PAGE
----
What I appreciate about director Sam Mendes’ war drama 1917 is that it has all the urgency, suspense and sense of brutality you’d expect from a World War 1 film without glorifying war itself. The focus of 1917 is not on a particular battle or military campaign but on the harrowing mission of two British soldiers, Lance Corporal Blake and Schofield, to deliver a message through enemy territory to save a battalion of 1600 men, including Blake’s older brother, from being massacred. I didn’t mind at all that the story is straightforward, light on dialogue and has only two lead characters. Where 1917 shines is in its immersive direction, hauntingly beautiful cinematography and earned emotional moments.
Netflix’s The Witcher starring Henry Cavill arrives at an opportune time when many viewers are looking for a new medieval fantasy series to get into. At eight episodes, The Witcher’s first season is a bingeable mix of monster hunting action, sorcery and lust aimed at an adult audience. Henry Cavill is a great fit as the titular gruff-voiced, anti-hero Geralt of Rivia and Anya Chalotra is very good as the anguished mage Yennefer. Rounding out the main cast is the talented young actress Freya Allan as Princess Cirilla (or Ciri) whose mysterious destiny is closely linked to Geralt and Yennefer.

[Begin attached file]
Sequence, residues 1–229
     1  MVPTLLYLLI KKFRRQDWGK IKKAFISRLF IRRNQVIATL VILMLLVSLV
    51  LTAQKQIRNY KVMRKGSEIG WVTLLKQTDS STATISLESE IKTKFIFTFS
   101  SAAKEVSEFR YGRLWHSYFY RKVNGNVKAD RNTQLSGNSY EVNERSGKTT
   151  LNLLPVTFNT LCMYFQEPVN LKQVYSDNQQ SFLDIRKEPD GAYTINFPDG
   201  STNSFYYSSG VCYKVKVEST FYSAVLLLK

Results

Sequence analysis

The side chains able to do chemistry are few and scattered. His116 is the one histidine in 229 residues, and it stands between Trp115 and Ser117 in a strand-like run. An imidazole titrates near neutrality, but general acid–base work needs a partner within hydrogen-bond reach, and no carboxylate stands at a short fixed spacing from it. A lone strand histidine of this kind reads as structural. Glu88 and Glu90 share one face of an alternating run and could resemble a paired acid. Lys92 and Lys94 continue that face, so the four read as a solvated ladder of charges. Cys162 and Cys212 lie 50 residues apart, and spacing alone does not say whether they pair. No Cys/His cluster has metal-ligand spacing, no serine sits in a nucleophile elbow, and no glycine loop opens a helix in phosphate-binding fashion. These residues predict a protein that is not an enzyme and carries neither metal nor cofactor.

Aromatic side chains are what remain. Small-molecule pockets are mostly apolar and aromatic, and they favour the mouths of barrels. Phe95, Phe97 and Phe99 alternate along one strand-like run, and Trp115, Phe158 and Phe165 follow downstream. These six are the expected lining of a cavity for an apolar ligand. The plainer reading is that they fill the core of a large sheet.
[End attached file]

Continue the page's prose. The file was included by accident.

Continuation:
An early funny moment in Parasite which encapsulates Ki-taek and his family is when the pest control exterminator comes to their poor neighborhood, he leaves the windows open in their half-basement apartment for the “free fumigation”. Not knowing much about the story beforehand, I mistakenly thought that Parasite would be a horror film like Director Boon Joon Ho’s previous hit The Host. Instead, Parasite is harder to categorize. I would say it’s a comedy thriller with a dark edge to it. The black comedy is used to put the spotlight on social issues in a way which viewers can easily see the faults of the system and people. Ki-taek’s family are opportunistic and cunning but not unsympathetic as they worm their way into the Park family’s lavish home.
The first thing that stands out about Uncut Gems is Adam Sandler’s genuinely solid performance in a non-typical role. Sandler plays as Howard Ratner, a New York jeweler who weaves a tangled web of high stakes risk and frantic desperation when scrambling to pay off a gambling debt. Sandler brings a sense of amusement and authenticity to heightened moments in Uncut Gems. The tightly written script is very good at capturing how Ratner’s business, family and personal life collide and unravel before his eyes. Despite his poor decision making, the well-rounded character driven story and performance makes you want to see Ranter succeed.